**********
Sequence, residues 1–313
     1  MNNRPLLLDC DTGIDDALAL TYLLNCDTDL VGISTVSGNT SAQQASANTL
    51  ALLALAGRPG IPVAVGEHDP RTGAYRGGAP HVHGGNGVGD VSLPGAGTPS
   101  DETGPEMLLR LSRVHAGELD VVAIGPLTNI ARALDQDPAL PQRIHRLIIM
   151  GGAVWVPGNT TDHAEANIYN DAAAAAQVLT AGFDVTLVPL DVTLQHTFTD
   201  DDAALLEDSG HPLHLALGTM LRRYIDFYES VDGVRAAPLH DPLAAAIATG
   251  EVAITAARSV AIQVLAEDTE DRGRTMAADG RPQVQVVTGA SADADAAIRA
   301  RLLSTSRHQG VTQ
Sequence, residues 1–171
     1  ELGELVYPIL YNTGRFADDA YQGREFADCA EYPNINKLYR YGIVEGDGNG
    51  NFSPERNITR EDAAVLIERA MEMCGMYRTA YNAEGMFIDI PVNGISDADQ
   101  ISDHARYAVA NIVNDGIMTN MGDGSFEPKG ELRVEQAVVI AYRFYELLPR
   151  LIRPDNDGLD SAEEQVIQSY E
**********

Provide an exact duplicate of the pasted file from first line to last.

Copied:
Sequence, residues 1–313
     1  MNNRPLLLDC DTGIDDALAL TYLLNCDTDL VGISTVSGNT SAQQASANTL
    51  ALLALAGRPG IPVAVGEHDP RTGAYRGGAP HVHGGNGVGD VSLPGAGTPS
   101  DETGPEMLLR LSRVHAGELD VVAIGPLTNI ARALDQDPAL PQRIHRLIIM
   151  GGAVWVPGNT TDHAEANIYN DAAAAAQVLT AGFDVTLVPL DVTLQHTFTD
   201  DDAALLEDSG HPLHLALGTM LRRYIDFYES VDGVRAAPLH DPLAAAIATG
   251  EVAITAARSV AIQVLAEDTE DRGRTMAADG RPQVQVVTGA SADADAAIRA
   301  RLLSTSRHQG VTQ
Sequence, residues 1–171
     1  ELGELVYPIL YNTGRFADDA YQGREFADCA EYPNINKLYR YGIVEGDGNG
    51  NFSPERNITR EDAAVLIERA MEMCGMYRTA YNAEGMFIDI PVNGISDADQ
   101  ISDHARYAVA NIVNDGIMTN MGDGSFEPKG ELRVEQAVVI AYRFYELLPR
   151  LIRPDNDGLD SAEEQVIQSY E